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A new name for the Czech Republic?

I recall reading an article recently that there are discussions afoot to rename the Czech Republic. After all, most other countries are just known by their name, not with the description of what form of government it has as well. An obvious replacement would be Czechia, I would think, or Bohemia-Moravia. I figure this is travel related as people will want to keep up on this if they plan on travelling to the area.

Posted by
4637 posts

Yes, there was a talk about Czechia but people are not using it. It does not make it any shorter if we use Bohemia-Moravia instead of Czech Republic. Even in Czech language there is not formally established shorter name for Ceska republika although most people use Cesko (read Chesko) but some Czechs don't like it.

Posted by
18544 posts

Looks like uninformed people might confuse it with or pronounce it like Chechnya.

It could be worse. They could have a name like Magyarország which is so utterly impossible to pronounce that the world created and imposed upon them a totally different name.

Posted by
15424 posts

James:

That is what the Hungarians deserve, considering they call Italy "Olaszország" and the Italians "Olaszok".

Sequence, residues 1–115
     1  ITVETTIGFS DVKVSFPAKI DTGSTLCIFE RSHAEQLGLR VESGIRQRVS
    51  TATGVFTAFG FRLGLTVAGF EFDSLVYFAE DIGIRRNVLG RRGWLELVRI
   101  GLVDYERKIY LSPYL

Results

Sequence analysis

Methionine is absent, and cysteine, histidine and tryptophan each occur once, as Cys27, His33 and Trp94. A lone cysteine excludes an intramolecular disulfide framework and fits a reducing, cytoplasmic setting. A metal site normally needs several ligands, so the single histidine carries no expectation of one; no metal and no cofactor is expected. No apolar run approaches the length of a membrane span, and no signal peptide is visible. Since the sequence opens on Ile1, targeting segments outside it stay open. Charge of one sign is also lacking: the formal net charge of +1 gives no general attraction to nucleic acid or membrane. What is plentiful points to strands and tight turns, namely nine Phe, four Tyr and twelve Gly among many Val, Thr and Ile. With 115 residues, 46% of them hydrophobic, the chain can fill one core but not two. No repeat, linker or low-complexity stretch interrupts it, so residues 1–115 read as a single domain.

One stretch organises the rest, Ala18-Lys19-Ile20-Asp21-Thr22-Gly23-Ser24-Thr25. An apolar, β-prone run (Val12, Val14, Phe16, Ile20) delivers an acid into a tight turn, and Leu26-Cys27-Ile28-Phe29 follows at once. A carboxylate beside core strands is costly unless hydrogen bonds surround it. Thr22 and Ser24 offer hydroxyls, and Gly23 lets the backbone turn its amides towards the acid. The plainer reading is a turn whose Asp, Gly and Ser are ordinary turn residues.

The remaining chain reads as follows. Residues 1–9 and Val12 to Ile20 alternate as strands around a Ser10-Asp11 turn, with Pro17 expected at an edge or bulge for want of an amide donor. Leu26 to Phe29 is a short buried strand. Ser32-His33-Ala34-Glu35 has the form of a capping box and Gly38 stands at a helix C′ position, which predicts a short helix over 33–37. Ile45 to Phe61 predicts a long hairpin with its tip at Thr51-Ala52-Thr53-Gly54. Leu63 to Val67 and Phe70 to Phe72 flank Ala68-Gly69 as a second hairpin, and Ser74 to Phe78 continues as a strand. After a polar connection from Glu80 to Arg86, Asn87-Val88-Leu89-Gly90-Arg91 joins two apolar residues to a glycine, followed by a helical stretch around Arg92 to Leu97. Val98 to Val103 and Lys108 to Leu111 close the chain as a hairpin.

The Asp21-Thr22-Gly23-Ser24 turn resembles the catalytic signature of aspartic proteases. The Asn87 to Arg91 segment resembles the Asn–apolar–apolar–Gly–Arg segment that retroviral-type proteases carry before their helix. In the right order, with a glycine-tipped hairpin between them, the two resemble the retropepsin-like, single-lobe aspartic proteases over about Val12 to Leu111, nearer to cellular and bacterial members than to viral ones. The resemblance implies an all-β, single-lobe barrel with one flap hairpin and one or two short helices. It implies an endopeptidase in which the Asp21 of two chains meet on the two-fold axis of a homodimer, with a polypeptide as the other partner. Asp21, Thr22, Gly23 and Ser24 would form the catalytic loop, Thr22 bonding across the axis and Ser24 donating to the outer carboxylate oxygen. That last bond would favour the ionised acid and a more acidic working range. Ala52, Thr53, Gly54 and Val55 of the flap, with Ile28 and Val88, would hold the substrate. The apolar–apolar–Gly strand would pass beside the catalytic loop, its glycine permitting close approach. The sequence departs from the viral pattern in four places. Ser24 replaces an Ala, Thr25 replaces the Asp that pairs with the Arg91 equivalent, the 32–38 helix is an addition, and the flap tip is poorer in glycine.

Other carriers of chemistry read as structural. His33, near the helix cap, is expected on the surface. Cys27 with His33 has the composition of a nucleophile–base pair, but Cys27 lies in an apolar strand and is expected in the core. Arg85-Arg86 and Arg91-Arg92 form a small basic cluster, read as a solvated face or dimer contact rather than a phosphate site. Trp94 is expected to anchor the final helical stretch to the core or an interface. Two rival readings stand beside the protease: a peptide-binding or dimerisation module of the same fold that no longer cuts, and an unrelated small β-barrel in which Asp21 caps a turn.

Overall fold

Posted by
4637 posts

James, uninformed people are already confusing Czechs for Chechens. I heard already several times that those two brothers - terrorists from Boston Marathon were Czechs. But one should not be surprised when even former president (GWB) did not see any difference between Slovakia and Slovenia.

Posted by
18544 posts

Yes Roberto, the Hungarian language marches to a different drummer. :-)

When GWB was asked about Liberia he said he knew all about it because at one time his wife had been a Liberian (librarian). One of my favorite jokes. I love people who can laugh at them selves and deal with disagreement with out getting nasty; and he was a champ at both.

Posted by
8208 posts

They can call it what they want, but I really like their beer. And I don't even drink any longer.

Posted by
18544 posts

My first day in Prague, towards the end of the day, I told my spouse that I wasn't feeling well. I have a minor condition that causes weakness when it acts up and I was having a relapse. I told my spouse that we had better find a hospital before it got worse. My spouse laughed and told me the only thing wrong with me was that I had been drinking the 18" tall beers since breakfast. Yes, excellent and so woven into life that you don't even realize what you are doing.

Posted by
2261 posts

Roberto-now THAT'S funny!

"I love people who can laugh at them selves and deal with disagreement with out getting nasty; and he was a champ at both."

If the shoe fits, wear it.

Posted by
18544 posts

"I love people who can laugh at them selves and deal with disagreement with out getting nasty; and he was a champ at both."

Dave, You couldn't be more correct! Took the words right out of my mouth. Glad there are a few around here with a sense of humor.

Posted by
2649 posts